HIV linked to increased risk for colorectum, lung, skin, and breast cancer independent of treatment
TUESDAY, June 16, 2015 (HealthDay News) — HIV-infected patients with cancer have increased cancer-specific mortality, according to a study published online June 15 in the Journal of Clinical Oncology.
Anna E. Coghill, Ph.D., from the National Cancer Institute in Rockville, Md., and colleagues examined the effect of HIV on cancer-specific mortality. Cases of 14 common cancers were identified in six U.S. states participating in a linkage of cancer and HIV/AIDS registries. Data were included for 1,816,461 patients with cancer, of whom 0.36 percent were HIV infected.
Compared to uninfected patients, the researchers found that HIV-infected patients had significantly elevated cancer-specific mortality for many cancers: colorectum (adjusted hazard ratio [aHR], 1.49), pancreas (aHR, 1.71), larynx (aHR, 1.62), lung (aHR, 1.28), melanoma (aHR, 1.72), breast (aHR, 2.61), and prostate (aHR, 1.57). For anal cancer, Hodgkin’s lymphoma, or diffuse large B-cell lymphoma, HIV was not associated with increased cancer-specific mortality. HIV remained associated with elevated cancer-specific mortality in non-AIDS-defining cancers: colorectum, lung, melanoma, and breast cancers (aHRs, 1.40, 1.28, 1.93, and 2.64), after further adjustment for cancer treatment.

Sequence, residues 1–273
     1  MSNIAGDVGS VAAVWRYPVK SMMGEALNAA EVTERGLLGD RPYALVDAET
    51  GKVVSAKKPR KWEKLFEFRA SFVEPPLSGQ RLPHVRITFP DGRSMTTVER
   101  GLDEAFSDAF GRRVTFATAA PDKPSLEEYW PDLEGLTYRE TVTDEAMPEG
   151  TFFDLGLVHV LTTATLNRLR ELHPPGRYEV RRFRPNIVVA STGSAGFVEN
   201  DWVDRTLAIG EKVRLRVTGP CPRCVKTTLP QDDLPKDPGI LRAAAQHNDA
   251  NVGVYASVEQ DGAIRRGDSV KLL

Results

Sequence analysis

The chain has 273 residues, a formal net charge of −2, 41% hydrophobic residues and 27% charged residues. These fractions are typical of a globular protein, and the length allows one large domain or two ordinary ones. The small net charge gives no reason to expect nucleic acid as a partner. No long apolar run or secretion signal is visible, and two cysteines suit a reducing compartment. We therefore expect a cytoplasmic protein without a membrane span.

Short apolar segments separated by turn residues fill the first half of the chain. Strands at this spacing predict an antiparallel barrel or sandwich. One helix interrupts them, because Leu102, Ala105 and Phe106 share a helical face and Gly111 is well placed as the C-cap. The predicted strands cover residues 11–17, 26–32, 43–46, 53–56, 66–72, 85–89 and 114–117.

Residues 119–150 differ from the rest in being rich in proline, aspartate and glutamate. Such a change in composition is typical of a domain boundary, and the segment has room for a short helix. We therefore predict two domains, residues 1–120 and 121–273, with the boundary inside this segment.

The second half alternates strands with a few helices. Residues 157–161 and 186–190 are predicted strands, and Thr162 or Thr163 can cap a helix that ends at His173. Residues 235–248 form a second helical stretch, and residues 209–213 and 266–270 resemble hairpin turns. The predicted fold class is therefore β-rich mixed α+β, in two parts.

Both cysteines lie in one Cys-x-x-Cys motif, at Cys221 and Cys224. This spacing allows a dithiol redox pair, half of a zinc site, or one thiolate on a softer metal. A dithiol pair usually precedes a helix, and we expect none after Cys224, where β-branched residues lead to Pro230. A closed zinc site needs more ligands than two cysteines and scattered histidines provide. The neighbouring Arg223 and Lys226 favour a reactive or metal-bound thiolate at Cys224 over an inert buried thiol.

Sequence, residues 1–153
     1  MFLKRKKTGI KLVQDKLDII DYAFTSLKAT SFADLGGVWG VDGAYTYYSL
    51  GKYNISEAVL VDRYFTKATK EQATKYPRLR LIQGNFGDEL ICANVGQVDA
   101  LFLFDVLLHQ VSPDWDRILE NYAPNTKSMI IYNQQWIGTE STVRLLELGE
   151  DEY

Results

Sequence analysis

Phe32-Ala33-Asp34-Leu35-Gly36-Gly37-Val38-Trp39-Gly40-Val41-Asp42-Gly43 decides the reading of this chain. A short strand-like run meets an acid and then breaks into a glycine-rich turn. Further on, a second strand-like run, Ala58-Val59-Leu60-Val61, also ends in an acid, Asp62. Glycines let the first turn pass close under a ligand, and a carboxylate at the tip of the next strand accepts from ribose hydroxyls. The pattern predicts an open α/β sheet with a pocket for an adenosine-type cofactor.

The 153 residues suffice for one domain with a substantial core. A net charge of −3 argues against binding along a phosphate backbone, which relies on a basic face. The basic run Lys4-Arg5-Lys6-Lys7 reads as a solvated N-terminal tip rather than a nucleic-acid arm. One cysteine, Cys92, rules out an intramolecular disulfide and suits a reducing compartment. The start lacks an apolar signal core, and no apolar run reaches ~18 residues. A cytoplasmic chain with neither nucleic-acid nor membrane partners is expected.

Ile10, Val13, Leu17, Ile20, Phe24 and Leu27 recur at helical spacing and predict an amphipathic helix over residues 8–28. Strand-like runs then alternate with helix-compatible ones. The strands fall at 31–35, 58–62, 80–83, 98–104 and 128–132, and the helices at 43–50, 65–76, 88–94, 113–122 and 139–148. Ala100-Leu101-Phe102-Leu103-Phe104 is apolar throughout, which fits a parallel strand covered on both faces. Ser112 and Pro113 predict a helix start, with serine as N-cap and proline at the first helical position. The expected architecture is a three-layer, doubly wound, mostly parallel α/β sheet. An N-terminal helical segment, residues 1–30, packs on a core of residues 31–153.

“The elevation in cancer-specific mortality among HIV-infected patients may be attributable to unmeasured stage or treatment differences as well as a direct relationship between immunosuppression and tumor progression,” the authors write.
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